By default, the EscapeDataString method converts all characters except for RFC 2396 unreserved characters to their hexadecimal representation. If International Resource Identifiers (IRIs) or Internationalized Domain Name (IDN) parsing is enabled, the EscapeDataString method converts all characters, except for RFC 3986 unreserved characters, to their hexadecimal representation. All Unicode characters are converted to UTF-8 format before being escaped.

The string that generated from these steps should look something like this.


Once the base key is generated, then you need to generate a signing key from your OAuth Consumer Key and Oauth Token. Note, that these entries are essentially your password to Twitter, so keep it hush, hush.

Finally, having the base signature and the signature key, I can then create a hash using HMACSHA1.

HMACSHA1 is a type of keyed hash algorithm that is constructed from the SHA1 hash function and used as an HMAC, or hash-based message authentication code. The HMAC process mixes a secret key with the message data, hashes the result with the hash function, mixes that hash value with the secret key again, then applies the hash function a second time. The output hash is 160 bits in length.

Building the Header

Once I have al my header values, including my signature, I can then create a header.


        public string CreateAuthorizationHeaderParameter(string signature, string timeStamp)
            string authorizationHeaderParams = String.Empty;
            authorizationHeaderParams += "OAuth ";
            authorizationHeaderParams += "oauth_nonce=" + "\"" +
                                         Uri.EscapeDataString(OAuthNonce) + "\",";
            authorizationHeaderParams +=
                "oauth_signature_method=" + "\"" +
                Uri.EscapeDataString(OauthSignatureMethod) +
            authorizationHeaderParams += "oauth_timestamp=" + "\"" +
                                         Uri.EscapeDataString(timeStamp) + "\",";
            authorizationHeaderParams += "oauth_consumer_key="
                                         + "\"" + Uri.EscapeDataString(OauthConsumerKey) + "\",";
            authorizationHeaderParams += "oauth_token=" + "\"" +
                                         Uri.EscapeDataString(OauthToken) + "\",";
            authorizationHeaderParams += "oauth_signature=" + "\""
                                         + Uri.EscapeDataString(signature) + "\",";
            authorizationHeaderParams += "oauth_version=" + "\"" +
                                         Uri.EscapeDataString(OathVersion) + "\"";
            return authorizationHeaderParams;

Once again, I need to percent escape each of the entries in the header and when the function is completed  the result should look something like this:

Authorization: OAuth oauth_nonce="NjM0NzIyNjg0NjAwMDI1MzMx",oauth_signature_method="HMAC-SHA1",oauth_timestamp="1336686060",oauth_consumer_key="xxxxxxxxxxxxxxx",oauth_token="xxxxxxxxxxxxxxxxxxxxxxxxxxxxxxxxxxxxxxxxxxxxxxxxxxxxxxxx",oauth_signature="xxxxxxxxxxxxxxxxxxxxxx",oauth_version="1.0"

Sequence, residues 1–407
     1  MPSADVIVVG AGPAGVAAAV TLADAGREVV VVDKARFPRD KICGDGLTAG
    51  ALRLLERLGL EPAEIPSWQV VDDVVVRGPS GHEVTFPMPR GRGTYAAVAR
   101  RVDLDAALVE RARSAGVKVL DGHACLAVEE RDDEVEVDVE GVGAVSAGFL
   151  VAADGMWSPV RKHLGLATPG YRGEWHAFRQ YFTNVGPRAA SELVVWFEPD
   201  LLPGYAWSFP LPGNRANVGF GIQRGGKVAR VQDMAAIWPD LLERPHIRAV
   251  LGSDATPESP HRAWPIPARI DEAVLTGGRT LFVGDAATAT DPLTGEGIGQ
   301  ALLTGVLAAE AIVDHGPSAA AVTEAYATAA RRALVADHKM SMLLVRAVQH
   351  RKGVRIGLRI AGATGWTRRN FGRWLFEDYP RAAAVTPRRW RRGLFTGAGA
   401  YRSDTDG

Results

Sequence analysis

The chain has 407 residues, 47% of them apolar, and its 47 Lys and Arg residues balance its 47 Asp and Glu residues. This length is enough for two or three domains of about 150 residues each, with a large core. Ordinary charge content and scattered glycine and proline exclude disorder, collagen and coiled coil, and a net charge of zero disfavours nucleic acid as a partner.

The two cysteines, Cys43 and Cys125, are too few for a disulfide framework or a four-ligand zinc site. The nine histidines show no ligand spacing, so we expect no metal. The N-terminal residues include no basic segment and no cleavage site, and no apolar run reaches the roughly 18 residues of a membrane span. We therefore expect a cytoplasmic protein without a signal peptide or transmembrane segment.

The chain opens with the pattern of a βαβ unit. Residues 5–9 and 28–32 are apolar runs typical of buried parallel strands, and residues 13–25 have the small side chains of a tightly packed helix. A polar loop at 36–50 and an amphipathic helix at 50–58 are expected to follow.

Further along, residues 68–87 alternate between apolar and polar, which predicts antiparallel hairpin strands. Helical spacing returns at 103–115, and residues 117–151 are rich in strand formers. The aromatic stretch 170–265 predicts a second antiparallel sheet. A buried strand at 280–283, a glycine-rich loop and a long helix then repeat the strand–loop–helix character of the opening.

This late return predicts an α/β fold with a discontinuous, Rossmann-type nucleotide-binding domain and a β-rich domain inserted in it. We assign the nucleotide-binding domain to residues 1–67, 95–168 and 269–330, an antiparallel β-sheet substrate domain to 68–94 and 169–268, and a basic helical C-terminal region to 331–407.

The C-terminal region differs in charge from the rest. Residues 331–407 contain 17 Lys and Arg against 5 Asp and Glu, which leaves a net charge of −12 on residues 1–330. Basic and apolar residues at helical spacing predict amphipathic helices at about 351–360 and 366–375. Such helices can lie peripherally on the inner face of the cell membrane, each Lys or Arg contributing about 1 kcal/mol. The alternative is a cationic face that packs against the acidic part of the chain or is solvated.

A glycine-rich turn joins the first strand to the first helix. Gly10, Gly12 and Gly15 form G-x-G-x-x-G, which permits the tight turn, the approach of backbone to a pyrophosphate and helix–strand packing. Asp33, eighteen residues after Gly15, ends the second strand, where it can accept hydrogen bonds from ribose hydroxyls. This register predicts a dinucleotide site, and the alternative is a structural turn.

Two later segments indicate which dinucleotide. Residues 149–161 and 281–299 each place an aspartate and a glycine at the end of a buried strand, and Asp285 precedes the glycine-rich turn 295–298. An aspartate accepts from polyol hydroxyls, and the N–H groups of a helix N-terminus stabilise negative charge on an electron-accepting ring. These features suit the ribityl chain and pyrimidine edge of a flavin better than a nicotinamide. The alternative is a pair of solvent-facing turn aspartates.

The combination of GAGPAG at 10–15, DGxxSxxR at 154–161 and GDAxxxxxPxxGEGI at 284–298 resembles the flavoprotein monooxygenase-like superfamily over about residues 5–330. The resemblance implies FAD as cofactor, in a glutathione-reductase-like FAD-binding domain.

Putting It All Together. Let's Search Twitter

Okay, now that I have a authorization, I can use it to make a call to Twitter. If I wanted to search on "programming" in the South Florida away I could build a URL like this (Note that in this particular type of call I don't actually need the header entry, but I would for more secure calls like viewing my direct messages or posting a new tweet):,-80.18809300000001,100mi

In this case, I am passing the search term "programming", the longitude and latitude of where the search term originated from, and the max of twenty-fine matches. Here is the code that makes that call:


        public IList<SearchResponse> Search(SearchRequest search)
            if (search == null || string.IsNullOrEmpty(search.Q)) return new List<SearchResponse>();

            string query = _httpServer.UrlEncode(search.Q);
            string url = "";
            string fullUrl = string.Format("{0}?q={1}&rpp=25&include_entities=true", url, query);
            if (!string.IsNullOrEmpty(search.ResultType))
                fullUrl = string.Format("{0}&result_type={1}", fullUrl, search.ResultType);
            if (search.GeoInfoCode != null && !string.IsNullOrEmpty(search.GeoInfoCode.Latitude))
                fullUrl = string.Format("{0}&geocode={1}", fullUrl, search.GeoInfoCode.Code);
            string signatureString = _oAuthCreationService.CreateSignature(url);
            string authorizationHeaderParams = _oAuthCreationService.CreateAuthorizationHeaderParameter(
                signatureString, _oAuthCreationService.OAuthTimeStamp);
            const string method = "GET";
            HttpWebRequest request = _httpRequestResponse.GetRequest(fullUrl, authorizationHeaderParams, method);
            var responseText = _httpRequestResponse.GetResponse(request);
            var searchResponse = _mapSearch.Map(responseText);
            return searchResponse;

You can see my HttpWebRequest and HttpWebResponse code from my Goodreads API blog post. The response is returned in JSON, which if I wanted, I could return right back to the client.


Well, I hope this helps in understanding OAuth a little bit more. Again, if you want make calls to the Twitter API and do want to go through all this yourself, then get yourself a package off of Nuget like TweetSharp. It's easy to integrate into your application, and the project site has some pretty good documentation.

You can see the full code for this API on Github.

References & Resources